Important Info

Featured Sponsor

Become an Author

GeoPrac.net is a community site, we are only as good as the content our members contribute! Whether it's a one time contribution, or a monthly or quarterly article, please consider becoming an author!

Latest Comments in...

Video of Highway 101 Landslide in California
Looks like the Facebook video gets cropped when I embedded it here. You ca
San Francisco Millennium Tower Has Settled 16 Inches
Misrepresents actual foundation geometry. Photos show deep excavation to ne
New FHWA Soil Nail Manual Addresses LRFD, Hollow Bars
Good evening from Barcelona, Spain. I am witting to you because of I am le
Engineering Geologists vs Geological Engineers vs Geotechnic
Geological engineer from Spain (looking for job smiley geoengineer.martin@gmail
Content
Feb. 7 Bertha update: Two factors contributed to tunnel stoppage PDF Print E-mail
Written by Randy Post   
Tuesday, 11 February 2014 00:40

WSDOT released an update on February 7 with some conclusions regarding the blockage that has stopped the Alaska Way Viaduct Tunnel Boring Machine, Bertha's progress since December 6. Now they don't think it was necessarily the well casing after all.

They cite two factors that contributed to the blockage. First, the cutterhead was clogged with material. You can see an cool short video of a worker unclogging the cutterhead. Not terribly dramatic, but still cool. The second factor was increased temperatures inside the equipment. STP discovered damage to a seal that protects the machine's main bearing. They are still determining how the repairs will be done.

If you want to follow the chronology of this issue, read below for summaries and links to previous updates from WSDOT. And Check out the videos too! [Source: WSDOT]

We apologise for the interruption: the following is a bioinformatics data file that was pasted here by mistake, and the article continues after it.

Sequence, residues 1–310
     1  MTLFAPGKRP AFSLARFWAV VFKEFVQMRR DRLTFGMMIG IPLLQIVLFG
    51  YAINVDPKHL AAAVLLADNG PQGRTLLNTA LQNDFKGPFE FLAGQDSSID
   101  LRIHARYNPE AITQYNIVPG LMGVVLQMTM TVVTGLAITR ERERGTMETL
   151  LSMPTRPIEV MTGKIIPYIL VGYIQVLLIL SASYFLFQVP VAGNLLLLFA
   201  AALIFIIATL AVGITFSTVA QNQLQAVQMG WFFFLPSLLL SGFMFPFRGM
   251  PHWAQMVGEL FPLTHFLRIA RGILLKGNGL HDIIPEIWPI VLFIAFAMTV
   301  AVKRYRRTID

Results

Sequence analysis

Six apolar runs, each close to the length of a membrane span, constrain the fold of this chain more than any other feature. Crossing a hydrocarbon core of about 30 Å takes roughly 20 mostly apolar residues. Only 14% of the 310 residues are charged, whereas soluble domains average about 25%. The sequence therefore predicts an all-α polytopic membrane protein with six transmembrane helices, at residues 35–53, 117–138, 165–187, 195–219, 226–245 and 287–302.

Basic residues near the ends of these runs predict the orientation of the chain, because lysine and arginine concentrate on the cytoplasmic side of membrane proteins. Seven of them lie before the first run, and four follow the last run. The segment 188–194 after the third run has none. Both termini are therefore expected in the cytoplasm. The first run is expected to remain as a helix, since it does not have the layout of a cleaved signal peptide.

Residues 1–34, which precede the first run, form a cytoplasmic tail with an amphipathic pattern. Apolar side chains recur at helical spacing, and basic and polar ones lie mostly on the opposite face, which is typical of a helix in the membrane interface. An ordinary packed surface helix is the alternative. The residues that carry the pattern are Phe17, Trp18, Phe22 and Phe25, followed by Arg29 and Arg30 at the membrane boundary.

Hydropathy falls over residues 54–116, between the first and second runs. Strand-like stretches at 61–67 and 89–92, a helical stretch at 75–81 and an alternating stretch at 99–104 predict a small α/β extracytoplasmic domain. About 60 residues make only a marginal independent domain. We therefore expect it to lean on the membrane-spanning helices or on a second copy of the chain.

Video: Replacing a Cutting Tool Inside Bertha

[Source: YouTube. Image: YouTube]

Video: Unclogging the SR 99 TBM Cutterhead

[Source: YouTube. Image: YouTube]

  • Jan. 14 Bertha Update: Going Hyperbaric - Source: WSDOT 
    This press release by WSDOT is fascinating, you should definitely check it out. It describes the hyperbaric intervention that deep see divers performed to try and determine what has impeded the progress of the Bertha TBM on the Alaska Way Viaduct Tunnel project. They describe how a bentonite mud is injected in front of the cutterhead to create a "membrane" so they could pump air into the excavation chamber to create an air bubble that the hyperbaric divers could work in. The air pushes the bentonite membrane into the soil face and holds back the soil and water. They use the screw conveyor to remove sufficient material from the excavation chamber so that the divers can work in the top half of the excavation chamber.
  • Jan. 21 Bertha Update: Initial Results of Hyperbaric Inspections - Source: WSDOT 
    In this press release, WSDOT reported that as of January 21, STP divers had spent more than 35 hours under hyperbaric conditions inspecting the TBM cutterhead from inside the excavation chamber. They removed a piece of bent well casing, pieces of PVC pipe, and found a large boulder or piece of concrete in a cutterhead opening.
  • Jan. 23 Bertha Update: More Hyperbaric Work, No New Findings - Source: WSDOT
    In this press release, WSDOT mainly just updated the total tally of hours worked by the deep see divers in the TBM intervention at the cutterhead. As of January 23, they were up to 68 hours of work performed during 17 sessions.
  • Jan. 27 Bertha Update: Restart of tunneling machine begins this week; evaluation will follow initial mining - Source: WSDOT
    Nothing too earth shattering in this update, just an attempt to explain to the public that it will take time to review the results of the hyperbaric work and that the TBM will begin some mining to test the machine.
  • Further evaluation required before tunneling can resume - Source: WSDOT
  • Jan. 31 Bertha Update: Further evaluation required before tunneling can resume - Source: WSDOT
    Bertha moved forward about 2 feet on January 28 to test the cutterhead and build the next tunnel liner ring. STP crews observed abnormally high temperatures in some components, similar to what was observed during the original stoppage on December 6. The made adjustments, moved forward another 2 feet but the temperatures persisted. The analysis will continue.
Hits: 12376
Trackback(0)
Comments (0)add comment

Write comment

security image
Write the displayed characters


busy
Last Updated on Tuesday, 11 February 2014 07:58